MISSION, Texas – Jeff Reed offers outdoor dining on the Rio Grande at his restaurant, Pepe’s on the River. But with the U.S. government planning to build 700 miles of fence along the Mexican border, he has to wonder: Will his restaurant soon be “Pepe’s on the Fence”? Downriver in Brownsville, where the jalape o and lima bean fields run down to the water’s edge, farmer Fermin Leal is wondering whether the government intends to cut through his crops, run irrigation pipes under the fence or buy him out. “Most of our land goes up to what’s supposed to be the border, and yes, we need access to river water,” Leal said. President George W. Bush signed a law Thursday to erect more fences along the border to secure it against illegal immigrants, drug smugglers and terrorists. Republicans in Congress see it as their most significant accomplishment on immigration. The president called it “an important step in our nation’s efforts to secure our borders.” AD Quality Auto 360p 720p 1080p Top articles1/5READ MORESurfer attacked by shark near Channel Islands calls rescue a ‘Christmas miracle’But up and down Texas’ watery boundary with Mexico, farmers, ranchers and business owners are worried a fence will endanger their livelihoods and encroach on their property. Texas landowners – sick of illegal immigrants cutting their fences, stealing and trespassing, and tired of worrying about smugglers of humans and drugs endangering their families – have been demanding for years that Congress tighten the border. But not, some say, with a double-layer, $6 billion fence cutting through their land and keeping them and their livestock from the river. “It’s not going to work in Texas,” said Michael Vickers, who owns a cattle ranch on the border. “Who wants to close off the river to Mexico? The river is the lifeblood for a lot of cities.” Vickers said he worries that either his land will be cut off from the rest of the state and the country or he will lose access to 50 acres of water rights he has and can sell to area municipalities for up to $2,000 an acre. “I’d be in a DMZ-type zone, in between two countries,” Vickers said. The exact route the fences will take is not yet clear. And it is not yet known what the fences will look like – how tall they will be; whether they will be solid walls, or bars. Much of the land along the Texas side of the river is privately owned, some dating back to Spanish land grants.160Want local news?Sign up for the Localist and stay informed Something went wrong. Please try again.subscribeCongratulations! You’re all set!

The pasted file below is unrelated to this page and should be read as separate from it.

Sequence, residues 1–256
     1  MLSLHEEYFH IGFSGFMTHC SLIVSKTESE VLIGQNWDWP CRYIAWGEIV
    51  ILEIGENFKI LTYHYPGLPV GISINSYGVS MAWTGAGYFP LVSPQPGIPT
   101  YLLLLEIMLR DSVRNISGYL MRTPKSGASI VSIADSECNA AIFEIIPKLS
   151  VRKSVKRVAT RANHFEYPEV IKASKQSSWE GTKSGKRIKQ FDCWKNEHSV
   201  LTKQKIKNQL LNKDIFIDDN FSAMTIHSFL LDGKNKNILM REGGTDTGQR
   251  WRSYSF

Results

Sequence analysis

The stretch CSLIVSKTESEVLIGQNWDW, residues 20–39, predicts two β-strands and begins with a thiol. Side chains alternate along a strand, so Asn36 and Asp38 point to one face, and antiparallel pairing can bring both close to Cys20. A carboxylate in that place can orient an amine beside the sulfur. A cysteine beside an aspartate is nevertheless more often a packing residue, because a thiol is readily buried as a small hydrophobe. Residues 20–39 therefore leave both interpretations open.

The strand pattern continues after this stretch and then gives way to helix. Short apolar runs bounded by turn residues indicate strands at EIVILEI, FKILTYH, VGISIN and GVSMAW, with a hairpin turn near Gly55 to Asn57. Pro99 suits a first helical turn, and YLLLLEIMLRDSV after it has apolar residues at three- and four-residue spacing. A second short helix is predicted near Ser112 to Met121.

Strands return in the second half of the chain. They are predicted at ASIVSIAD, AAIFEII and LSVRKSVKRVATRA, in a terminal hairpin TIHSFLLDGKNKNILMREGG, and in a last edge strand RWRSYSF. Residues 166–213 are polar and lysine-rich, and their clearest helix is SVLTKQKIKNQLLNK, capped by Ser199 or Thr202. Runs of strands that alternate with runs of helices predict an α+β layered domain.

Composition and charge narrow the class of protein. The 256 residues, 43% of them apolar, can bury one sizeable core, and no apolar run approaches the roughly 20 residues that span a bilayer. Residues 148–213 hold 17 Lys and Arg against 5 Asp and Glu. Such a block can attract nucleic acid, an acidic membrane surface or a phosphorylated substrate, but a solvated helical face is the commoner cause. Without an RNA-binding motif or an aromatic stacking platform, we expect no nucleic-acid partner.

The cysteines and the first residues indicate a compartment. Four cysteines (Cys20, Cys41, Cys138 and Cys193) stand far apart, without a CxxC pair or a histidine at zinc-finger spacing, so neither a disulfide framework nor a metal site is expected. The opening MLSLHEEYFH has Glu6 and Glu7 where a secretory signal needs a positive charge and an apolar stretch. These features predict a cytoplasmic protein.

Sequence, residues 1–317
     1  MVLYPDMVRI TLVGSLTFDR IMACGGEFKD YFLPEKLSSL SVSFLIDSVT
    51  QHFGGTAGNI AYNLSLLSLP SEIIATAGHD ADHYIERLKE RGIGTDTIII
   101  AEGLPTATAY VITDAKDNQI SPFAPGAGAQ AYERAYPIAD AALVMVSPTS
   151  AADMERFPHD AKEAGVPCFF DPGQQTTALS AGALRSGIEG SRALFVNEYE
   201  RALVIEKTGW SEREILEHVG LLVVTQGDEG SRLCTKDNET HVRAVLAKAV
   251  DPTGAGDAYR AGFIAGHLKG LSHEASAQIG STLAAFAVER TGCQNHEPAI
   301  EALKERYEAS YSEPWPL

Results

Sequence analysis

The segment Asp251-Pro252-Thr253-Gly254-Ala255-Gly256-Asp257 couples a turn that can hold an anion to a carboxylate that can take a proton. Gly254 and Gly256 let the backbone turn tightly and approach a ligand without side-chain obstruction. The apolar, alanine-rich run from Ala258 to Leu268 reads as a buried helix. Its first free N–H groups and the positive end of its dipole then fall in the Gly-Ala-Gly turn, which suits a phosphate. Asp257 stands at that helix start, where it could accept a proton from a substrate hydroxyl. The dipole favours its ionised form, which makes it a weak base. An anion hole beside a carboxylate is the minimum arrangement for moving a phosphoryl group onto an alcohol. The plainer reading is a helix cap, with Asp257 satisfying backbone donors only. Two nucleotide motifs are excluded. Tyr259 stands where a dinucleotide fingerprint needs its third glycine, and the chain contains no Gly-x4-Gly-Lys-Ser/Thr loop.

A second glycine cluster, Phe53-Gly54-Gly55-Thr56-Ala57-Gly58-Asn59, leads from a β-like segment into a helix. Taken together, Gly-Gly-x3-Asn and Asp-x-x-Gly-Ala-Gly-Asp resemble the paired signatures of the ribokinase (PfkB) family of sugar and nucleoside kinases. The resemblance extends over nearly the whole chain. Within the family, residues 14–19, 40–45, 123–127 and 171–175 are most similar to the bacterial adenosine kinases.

AD Quality Auto 360p 720p 1080p Top articles1/5READ MOREWhicker: John Jackson greets a Christmas that he wasn’t sure he’d see160Want local news?Sign up for the Localist and stay informed Something went wrong. Please try again.subscribeCongratulations! You’re all set! Much like the local housing market, the nation’s house party ended with a thud in 2006, leaving everyone from condo flippers to Federal Reserve Chairman Ben Bernanke waiting to see what would happen next. The sudden stall in home sales, home construction and home prices – and what that will mean for the economy – was voted the top business story of the year by U.S. newspaper and broadcast editors surveyed by The Associated Press. At the housing market’s peak, buyers rushed to open houses, blank checks in hand. Lenders gave big-money mortgages to people who could barely afford their monthly payments. That ended in 2006, when home builders scuttled projects, walked away from land they’d hoped to develop and would-be buyers canceled orders. 1.Housing slips: Moody’s Economy.com, a private research firm, projected that the median sales price for an existing home will decline in 2007 by 3.6 percent – the first decline for an entire year in U.S. home prices since the Great Depression. One reason: Speculators fled the market. Not only did they stop buying, they put properties they owned up for sale. “Investors were a bigger part of the market than many thought, including ourselves,” Ara K. Hovnanian, the president and chief executive officer of home builder Hovnanian Enterprises Inc. said in June. 2. Enron’s final act: Convictions of former CEOs Jeff Skilling and Ken Lay looked like the final act of the Enron drama, but Lay died in Aspen before he was sentenced and a federal judge vacated his conviction, halting a federal effort seeking millions from Lay’s estate. Skilling, 53, reported to a federal prison in Minnesota on Dec. 13 to begin a sentence of 24 years and four months. 3. Backdating scandal: News that executives and directors manipulated their option grants to inflate their gains rocked the executive suite. At least 195 companies disclosed federal or internal investigations and at least 59 senior executives or directors have left their companies as of Dec. 19. Among the highest profile to fall were UnitedHealth Group Inc.’s William McGuire, who was pushed out as the company’s chairman and CEO, and Jacob “Kobi” Alexander, the former CEO of Comverse Technology Inc., who fled to Namibia, where he is fighting extradition. 4. Auto woes: Demand for U.S. automakers’ vehicles, especially sport utility vehicles, shrunk and their market share eroded. About 38,000 unionized Ford Motor Co. workers, more than half the company’s U.S. hourly work force, said they would take buyouts. Through buyouts and early retirement, General Motors Corp. cut 35,000 jobs, nearly one-third of its hourly U.S. workers. Company bonds sunk into “junk” ratings and they were reduced to using plants or inventories as loan collateral. 5. Oil prices: War in the Middle East and soaring demand sent oil prices above $78 a barrel, an all-time record. The big winner from the sky-high prices were oil companies, whose profits hovered near their 2005 records. Oil prices have since fallen, but the summer’s run has renewed rumblings about conservation and oil dependency. 6. Gas prices: Summer gas prices hit highs of $3.04 a gallon thanks to soaring crude oil prices, tight refining capacity and fears of another disastrous hurricane season. Increased prices began to sour the U.S. romance with gas-guzzling SUVs, hitting U.S. automakers with another blow. Gas prices have since dropped, too, but drivers remain nervous. 7. Fed halts: The Federal Reserve halted the rate hikes that had lifted its target short-term interest rate from 1 percent in early June 2004 to 5.25 percent in June 2006. While stock traders saw a slowing economy and looked forward to rate cuts, the Fed’s Bernanke said the central bank was keeping a sharp eye on inflation, which could take rates higher. 8. HP spying: HP’s boardroom infighting ended in humiliation. Chairwoman Patricia Dunn was hauled before Congress, ousted from her office and indicted for her role in a boardroom spying scandal in which private investigators lied and schemed to obtain the phone records of directors and reporters. Now the company’s CEO is being asked to tell Congress about the $1.37 million worth of options he exercised just before the scandal became public. 9. China tiger: China’s economy continues to grow more than 10 percent a year and its trade surplus with the U.S. is the largest ever. While officials are trying to slow growth and questions linger about whether Chinese banks are too loose with loans, the economy has showed only modest signs of slowing. 10. Record Dow: The Dow Jones industrial average climbed above 12,000 for the first time ever, outpacing broader indexes. The Standard & Poor’s 500 edged closer to its 2000 high and the Nasdaq composite index was miles behind its own record.